and his commission and retire to private life.
says that the men nicknamed him “Snoop,” but adds that he did not know why, and speaks of his profanity at Salem Church.
But in both instances it is evident that the captain had risked his own life to rescue men who were not conscious of their own peril.
The writer was intimately associated with Captain Wilson
, as clerk in his office at brigade headquarters for over a year and a half, and had good opportunity to learn his nature and character.
He was always kindly and considerate of others, was never profane or vulgar in his conversation.
While not a strict abstainer, I never saw him intoxicated in the slightest degree.
He was a quick and capable business man, and not a small part of the efficiency of the brigade as a fighting unit was due to his courage and cool-headedness.
His weird signature was a revelation of the unusual character of the man. His equal did not succeed him as assistant adjutant-general of the brigade, though Capt. William P. Roome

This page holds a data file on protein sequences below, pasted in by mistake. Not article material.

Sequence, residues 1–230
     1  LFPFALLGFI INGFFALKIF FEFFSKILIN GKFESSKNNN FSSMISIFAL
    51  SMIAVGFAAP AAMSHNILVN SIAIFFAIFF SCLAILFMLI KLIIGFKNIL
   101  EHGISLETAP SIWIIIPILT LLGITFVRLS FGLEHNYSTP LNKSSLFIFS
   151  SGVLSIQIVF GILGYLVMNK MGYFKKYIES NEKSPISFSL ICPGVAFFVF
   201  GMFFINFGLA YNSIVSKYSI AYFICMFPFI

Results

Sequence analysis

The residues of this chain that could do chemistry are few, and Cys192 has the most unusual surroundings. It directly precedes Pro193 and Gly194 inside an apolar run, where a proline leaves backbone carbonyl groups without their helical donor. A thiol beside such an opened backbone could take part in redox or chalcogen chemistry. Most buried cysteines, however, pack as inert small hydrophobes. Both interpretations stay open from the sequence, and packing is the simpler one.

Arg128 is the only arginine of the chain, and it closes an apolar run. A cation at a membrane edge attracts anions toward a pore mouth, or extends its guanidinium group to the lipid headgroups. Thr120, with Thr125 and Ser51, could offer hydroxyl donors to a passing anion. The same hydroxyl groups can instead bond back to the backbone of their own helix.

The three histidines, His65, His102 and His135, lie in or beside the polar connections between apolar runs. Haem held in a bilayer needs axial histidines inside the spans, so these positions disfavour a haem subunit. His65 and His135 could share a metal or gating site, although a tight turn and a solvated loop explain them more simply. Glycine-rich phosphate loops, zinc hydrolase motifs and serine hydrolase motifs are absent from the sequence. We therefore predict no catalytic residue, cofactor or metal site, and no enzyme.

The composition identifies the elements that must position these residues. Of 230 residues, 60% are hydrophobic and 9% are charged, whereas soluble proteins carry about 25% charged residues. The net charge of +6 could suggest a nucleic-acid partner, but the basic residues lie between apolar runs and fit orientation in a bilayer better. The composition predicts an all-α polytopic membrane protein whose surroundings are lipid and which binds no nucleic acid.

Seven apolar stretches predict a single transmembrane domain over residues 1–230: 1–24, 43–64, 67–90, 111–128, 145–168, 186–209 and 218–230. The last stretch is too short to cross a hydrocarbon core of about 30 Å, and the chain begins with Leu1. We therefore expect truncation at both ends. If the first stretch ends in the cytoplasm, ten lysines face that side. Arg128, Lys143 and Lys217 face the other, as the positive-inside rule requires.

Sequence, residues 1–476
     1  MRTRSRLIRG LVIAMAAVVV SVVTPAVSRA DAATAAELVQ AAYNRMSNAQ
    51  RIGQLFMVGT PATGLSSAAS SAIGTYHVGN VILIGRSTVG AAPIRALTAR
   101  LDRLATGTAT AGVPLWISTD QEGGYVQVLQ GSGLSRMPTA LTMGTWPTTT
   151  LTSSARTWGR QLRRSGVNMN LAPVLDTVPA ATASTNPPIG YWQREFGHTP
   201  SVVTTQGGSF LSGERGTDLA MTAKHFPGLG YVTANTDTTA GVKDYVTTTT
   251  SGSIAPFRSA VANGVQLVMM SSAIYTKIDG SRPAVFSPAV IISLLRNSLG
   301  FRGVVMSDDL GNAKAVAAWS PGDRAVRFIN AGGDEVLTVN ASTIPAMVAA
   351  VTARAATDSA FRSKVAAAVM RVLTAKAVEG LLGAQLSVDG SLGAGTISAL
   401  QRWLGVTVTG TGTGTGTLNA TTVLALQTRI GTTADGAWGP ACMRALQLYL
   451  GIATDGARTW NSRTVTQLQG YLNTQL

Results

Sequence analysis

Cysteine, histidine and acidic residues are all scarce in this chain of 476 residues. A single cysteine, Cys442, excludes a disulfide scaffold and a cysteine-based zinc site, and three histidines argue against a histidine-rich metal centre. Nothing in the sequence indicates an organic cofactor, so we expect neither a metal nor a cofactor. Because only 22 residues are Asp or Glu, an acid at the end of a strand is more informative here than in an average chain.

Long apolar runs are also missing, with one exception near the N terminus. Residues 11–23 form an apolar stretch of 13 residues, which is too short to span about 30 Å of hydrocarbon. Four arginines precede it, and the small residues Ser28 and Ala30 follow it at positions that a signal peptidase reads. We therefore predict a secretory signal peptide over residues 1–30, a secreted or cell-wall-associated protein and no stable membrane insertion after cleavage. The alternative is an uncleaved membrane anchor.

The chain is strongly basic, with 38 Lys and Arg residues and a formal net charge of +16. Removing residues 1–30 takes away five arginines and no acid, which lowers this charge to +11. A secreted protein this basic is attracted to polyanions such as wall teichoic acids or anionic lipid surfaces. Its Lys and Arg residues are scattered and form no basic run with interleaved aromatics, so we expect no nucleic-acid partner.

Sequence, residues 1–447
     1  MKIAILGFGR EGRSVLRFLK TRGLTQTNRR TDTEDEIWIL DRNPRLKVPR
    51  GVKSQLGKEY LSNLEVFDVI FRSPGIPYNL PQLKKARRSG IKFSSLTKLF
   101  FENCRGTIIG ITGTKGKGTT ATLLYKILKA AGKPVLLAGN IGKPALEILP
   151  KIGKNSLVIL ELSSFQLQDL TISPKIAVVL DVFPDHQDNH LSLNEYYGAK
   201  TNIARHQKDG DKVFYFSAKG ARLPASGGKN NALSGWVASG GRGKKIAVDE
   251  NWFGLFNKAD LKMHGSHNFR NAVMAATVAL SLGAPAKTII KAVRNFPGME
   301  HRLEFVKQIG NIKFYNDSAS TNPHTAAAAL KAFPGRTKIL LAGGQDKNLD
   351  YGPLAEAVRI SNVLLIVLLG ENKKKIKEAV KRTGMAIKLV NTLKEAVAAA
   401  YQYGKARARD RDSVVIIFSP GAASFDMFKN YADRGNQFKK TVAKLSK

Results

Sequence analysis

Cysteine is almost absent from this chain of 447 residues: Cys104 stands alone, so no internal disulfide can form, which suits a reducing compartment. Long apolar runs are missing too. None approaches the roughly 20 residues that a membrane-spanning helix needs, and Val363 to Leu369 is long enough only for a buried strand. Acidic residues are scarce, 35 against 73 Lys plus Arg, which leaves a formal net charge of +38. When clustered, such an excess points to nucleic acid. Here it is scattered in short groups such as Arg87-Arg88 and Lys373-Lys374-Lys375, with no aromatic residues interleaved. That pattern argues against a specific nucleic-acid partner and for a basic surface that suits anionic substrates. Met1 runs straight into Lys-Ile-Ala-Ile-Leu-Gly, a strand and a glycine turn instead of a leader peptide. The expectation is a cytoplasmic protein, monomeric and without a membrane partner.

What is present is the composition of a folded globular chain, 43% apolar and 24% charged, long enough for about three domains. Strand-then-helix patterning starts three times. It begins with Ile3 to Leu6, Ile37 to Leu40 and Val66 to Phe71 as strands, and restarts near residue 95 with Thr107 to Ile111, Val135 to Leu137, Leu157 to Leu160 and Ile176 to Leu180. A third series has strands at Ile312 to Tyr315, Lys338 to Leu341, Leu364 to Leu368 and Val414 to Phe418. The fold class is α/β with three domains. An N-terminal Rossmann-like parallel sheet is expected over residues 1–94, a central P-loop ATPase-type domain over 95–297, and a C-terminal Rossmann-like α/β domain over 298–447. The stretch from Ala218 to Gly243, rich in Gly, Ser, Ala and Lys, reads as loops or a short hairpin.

ran him a close second. Captain Wilson
entered the service as second lieutenant of Company D, 16th New York, was made adjutant September 20, 1861; promoted to captain and assistant adjutant-general of United States volunteers March 11, 1863, and afterward commissioned as major of the 121st, which he declined.
He resigned from the service February 18, 1864, and died October 18, 1886.
His grandfather was with General Washington
on October 19, 1781, and to him was assigned the duty of transferring twenty-eight flags from their British bearers to American sergeants, and when the Army of the Potomac was in that vicinity in 1862 Captain Wilson
invited General Bartlett
and the other brigade officers to accompany him to the field where this transaction had taken place.